Tom Spurgeon's Web site of comics news, reviews, interviews and commentary

March 2, 2011

A Few Words On DC Comics And Its First Wave Titles

There were three pretty good pieces of off-hand analysis about DC's quiet cancellation last week of various titles related to its First Wave effort -- kind of a soft imprint that mixed established pulp heroes and early superhero comics and which featured a bunch of notable mainstream comics creators. They took place at the active comments thread typical to Heidi MacDonald's The Beat blog, and I think are worth pulling out for a second possible look on your part.

imageUnsurprisingly, Abhay Khosla provides the most verbally dexterous and thorough dissection of the books and how they were presented to the audience from a consumer's viewpoint here. A poster named "caleb" follows up by placing such an effort in the overall scheme of what a company like DC Comics tends to do better than launching imprints here. Marc-Oliver Frisch places the matter in its market context here. Taken together, it's a pretty dire picture that the three posts paint: general editorial malfeasance and poor execution in terms of scheduling the books and making a long-term case for them as a necessary purchase, a system that encourages companies to perhaps focus on titles with existing traction and maximizing their sales, and a market that leans on an audience that has to be convinced to make more purchases instead of a market that excels at bringing in new readers to read new books. If DC is totally done with this effort, that's one depressing hic jacet; if it has some rough plans for future efforts, those factors constitute less a launching point than they do a modest millstone.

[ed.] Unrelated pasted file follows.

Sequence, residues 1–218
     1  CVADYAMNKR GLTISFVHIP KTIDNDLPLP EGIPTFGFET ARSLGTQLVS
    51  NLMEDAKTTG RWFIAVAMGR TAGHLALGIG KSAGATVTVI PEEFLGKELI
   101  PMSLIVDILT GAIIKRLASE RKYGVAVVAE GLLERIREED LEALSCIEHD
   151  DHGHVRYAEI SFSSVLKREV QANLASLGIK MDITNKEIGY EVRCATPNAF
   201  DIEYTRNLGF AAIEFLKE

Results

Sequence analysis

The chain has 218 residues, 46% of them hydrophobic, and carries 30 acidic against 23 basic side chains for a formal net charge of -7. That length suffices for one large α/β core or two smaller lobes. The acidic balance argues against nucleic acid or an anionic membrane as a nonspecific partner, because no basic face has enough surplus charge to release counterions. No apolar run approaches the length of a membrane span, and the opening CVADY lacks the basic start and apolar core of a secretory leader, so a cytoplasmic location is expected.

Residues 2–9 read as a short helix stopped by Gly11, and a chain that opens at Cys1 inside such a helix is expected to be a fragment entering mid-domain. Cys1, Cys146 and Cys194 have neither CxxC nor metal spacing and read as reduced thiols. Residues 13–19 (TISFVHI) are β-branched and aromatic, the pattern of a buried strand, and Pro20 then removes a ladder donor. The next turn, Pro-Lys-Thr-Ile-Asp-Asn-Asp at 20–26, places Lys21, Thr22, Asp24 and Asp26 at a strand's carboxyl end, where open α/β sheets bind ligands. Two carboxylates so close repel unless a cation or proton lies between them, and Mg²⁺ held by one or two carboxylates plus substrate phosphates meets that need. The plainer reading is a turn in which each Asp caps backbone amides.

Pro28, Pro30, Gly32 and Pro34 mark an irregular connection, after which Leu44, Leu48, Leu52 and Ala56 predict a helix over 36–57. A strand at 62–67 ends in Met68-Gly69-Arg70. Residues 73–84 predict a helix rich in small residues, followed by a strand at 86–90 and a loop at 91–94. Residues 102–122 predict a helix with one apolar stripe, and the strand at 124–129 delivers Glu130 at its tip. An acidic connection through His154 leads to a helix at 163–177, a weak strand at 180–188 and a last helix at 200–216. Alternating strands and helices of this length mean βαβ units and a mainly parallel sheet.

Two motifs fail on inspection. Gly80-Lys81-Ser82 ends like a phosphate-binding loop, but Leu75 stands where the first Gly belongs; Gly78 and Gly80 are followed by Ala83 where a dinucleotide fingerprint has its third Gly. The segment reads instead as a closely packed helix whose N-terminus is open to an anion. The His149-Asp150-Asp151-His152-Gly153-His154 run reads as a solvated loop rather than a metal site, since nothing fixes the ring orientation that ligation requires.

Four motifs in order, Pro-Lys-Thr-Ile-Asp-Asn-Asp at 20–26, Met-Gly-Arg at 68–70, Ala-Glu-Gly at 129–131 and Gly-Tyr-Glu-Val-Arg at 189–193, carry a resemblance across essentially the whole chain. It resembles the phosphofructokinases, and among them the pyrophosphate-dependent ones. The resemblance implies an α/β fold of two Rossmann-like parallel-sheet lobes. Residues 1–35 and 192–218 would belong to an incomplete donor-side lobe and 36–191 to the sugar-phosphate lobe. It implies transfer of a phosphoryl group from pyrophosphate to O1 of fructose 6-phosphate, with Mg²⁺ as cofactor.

That's not to say this is the entirety of what happened here. Some are critical of the books' marketing -- although it has to be said that in comics, the definition of successful marketing tends to be whatever marketing gets done for successful books, which limits the conversation a bit. We have almost nothing on DC's own thoughts on the matter, nor the full extent of official actions taken. It's argued that a company like DC launches such efforts as part of a natural process for trying out new marketplace solutions and to keep talent engaged, in a way that guarantees more failures to successes but adds strength over time to the bottom line. I imagine that last one is a factor, for sure. Still, the three posts above offer up a distressing picture of an editorial initiative that seems more doomed from the start than destined for success, all unfolding in a market that may have a harder time shrugging such things off than it did in the day when the top books sold more.
posted 5:00 pm PST | Permalink

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